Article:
The surrender at Appamattox ended the Civil War and finally freed many enslaved people whose lives had remained unchanged by the Emancipation Proclamation of 1863. However, it took another two months to get the word to the areas of the Confederacy west of the Mississippi, and on June 19, 1865, General Gordon Granger brought the news to Galveston in the form of General Order No. 3 as quoted above. Granger was accompanied by 2,000 Union troops to enforce the order, which affected 250,000 enslaved people in Texas alone.
Celebrations began immediately, and have continued on the anniversary of that date, known as Juneteenth. African Americans would meet annually for picnics, barbecues, and family reunions. Often barred from other meeting grounds, they began to pool their resources to buy land where they could meet. Emancipation Park in Houston, Booker T Washington Park in Mexia, and Emancipation Park in Austin all were created during this time, with Mexia drawing crowds of over 20,000.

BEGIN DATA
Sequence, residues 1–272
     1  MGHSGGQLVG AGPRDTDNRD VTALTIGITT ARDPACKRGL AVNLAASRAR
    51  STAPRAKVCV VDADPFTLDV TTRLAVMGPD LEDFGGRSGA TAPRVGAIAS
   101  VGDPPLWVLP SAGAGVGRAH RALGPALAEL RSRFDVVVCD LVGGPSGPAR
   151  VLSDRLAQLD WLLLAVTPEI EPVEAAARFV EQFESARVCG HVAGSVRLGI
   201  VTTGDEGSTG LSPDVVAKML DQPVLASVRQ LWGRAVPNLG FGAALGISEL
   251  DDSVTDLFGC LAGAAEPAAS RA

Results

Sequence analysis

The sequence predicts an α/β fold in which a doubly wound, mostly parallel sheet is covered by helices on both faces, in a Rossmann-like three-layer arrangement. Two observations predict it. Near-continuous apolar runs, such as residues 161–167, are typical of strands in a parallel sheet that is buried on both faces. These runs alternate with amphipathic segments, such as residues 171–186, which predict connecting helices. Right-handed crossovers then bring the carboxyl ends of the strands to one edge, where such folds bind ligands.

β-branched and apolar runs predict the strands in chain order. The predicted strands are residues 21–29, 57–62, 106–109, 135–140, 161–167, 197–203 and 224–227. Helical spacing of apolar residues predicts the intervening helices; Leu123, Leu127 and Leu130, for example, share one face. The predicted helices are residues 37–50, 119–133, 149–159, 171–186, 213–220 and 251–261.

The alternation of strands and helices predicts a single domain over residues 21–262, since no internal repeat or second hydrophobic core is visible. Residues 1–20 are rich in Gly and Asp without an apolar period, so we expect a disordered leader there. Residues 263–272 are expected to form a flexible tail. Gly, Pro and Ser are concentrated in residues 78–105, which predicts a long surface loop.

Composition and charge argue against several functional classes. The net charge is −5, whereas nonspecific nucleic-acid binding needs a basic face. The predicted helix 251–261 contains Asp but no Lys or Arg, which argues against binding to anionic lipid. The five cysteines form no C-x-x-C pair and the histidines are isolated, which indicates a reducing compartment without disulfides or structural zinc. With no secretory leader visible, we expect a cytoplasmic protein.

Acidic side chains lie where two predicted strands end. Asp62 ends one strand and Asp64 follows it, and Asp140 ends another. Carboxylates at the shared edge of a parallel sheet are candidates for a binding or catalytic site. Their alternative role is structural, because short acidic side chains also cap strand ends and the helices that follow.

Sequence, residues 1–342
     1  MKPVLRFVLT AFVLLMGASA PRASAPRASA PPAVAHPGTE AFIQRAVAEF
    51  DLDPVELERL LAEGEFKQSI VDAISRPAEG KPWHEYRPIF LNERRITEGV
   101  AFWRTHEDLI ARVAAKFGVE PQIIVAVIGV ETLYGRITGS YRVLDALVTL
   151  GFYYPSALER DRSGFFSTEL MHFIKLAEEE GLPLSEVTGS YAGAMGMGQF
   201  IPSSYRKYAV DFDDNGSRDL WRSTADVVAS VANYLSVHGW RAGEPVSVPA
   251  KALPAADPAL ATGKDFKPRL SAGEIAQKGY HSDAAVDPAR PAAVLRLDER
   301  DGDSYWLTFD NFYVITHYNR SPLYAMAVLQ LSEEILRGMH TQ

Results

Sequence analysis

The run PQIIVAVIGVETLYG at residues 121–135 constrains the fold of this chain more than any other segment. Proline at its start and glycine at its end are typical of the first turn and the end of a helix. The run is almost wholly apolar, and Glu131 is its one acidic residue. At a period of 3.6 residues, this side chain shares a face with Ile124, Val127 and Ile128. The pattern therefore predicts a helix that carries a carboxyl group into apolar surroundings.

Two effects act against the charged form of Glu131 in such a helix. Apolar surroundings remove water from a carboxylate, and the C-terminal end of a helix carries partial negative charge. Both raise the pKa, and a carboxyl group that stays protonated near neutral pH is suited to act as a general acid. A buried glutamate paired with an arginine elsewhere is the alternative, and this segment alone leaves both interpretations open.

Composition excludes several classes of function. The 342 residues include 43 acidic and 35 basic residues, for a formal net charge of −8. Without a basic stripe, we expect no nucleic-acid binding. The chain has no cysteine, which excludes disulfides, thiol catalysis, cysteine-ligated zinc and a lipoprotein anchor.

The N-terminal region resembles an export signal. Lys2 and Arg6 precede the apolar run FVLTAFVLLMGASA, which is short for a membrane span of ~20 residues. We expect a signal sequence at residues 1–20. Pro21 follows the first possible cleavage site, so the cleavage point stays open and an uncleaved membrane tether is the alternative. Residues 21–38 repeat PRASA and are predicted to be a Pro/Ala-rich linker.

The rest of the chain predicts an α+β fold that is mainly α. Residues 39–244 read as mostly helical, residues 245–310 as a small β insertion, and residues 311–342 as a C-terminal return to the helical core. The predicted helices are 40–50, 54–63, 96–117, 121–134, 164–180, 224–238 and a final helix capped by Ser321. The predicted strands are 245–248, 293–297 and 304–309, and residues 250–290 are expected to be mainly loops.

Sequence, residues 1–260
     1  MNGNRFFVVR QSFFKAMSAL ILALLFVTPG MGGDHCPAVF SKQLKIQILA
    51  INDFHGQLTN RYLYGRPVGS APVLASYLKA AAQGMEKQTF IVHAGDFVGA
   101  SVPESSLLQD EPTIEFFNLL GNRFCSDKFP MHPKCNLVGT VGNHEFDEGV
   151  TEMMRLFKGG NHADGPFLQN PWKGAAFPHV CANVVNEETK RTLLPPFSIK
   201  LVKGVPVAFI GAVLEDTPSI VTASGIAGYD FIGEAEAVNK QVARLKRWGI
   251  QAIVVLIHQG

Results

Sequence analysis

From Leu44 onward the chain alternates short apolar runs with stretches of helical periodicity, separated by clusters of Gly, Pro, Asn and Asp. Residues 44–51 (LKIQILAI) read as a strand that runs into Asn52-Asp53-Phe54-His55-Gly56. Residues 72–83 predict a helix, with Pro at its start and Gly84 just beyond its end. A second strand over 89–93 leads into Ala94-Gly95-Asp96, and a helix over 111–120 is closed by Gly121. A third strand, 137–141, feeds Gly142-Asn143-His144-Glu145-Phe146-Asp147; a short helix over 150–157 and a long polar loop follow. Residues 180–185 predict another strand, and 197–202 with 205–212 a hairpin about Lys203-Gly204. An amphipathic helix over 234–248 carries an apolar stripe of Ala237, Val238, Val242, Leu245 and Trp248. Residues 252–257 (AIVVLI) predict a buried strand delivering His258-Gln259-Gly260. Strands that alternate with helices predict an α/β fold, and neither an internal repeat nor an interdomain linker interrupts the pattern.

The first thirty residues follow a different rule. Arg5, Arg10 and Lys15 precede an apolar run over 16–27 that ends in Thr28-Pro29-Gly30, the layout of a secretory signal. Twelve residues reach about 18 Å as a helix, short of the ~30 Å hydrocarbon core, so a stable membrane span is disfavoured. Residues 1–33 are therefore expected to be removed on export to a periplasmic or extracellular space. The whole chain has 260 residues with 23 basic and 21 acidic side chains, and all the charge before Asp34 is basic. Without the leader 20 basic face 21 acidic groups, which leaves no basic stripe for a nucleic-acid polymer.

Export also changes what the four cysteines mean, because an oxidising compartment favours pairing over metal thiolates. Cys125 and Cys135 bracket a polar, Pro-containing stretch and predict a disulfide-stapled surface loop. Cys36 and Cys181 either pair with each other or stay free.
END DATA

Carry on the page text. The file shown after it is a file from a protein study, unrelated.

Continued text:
By the turn of the century Juneteenth was known as Texas Emancipation Day, and its observation had spread to neighboring states. It was often sponsored by churches and black civic organizations, and included baseball games, horse races, and balls. White politicians would take advantage of the opportunity to address the crowds.
By the time of the depression involvement in Juneteenth was beginning to decrease. People were leaving farms to take factory work that wouldn't accommodate a day off to celebrate, and few elders were left who remembered the actual event.
Tomorrow's post will be on the resurgence of Juneteenth and its recognition as a legal holiday.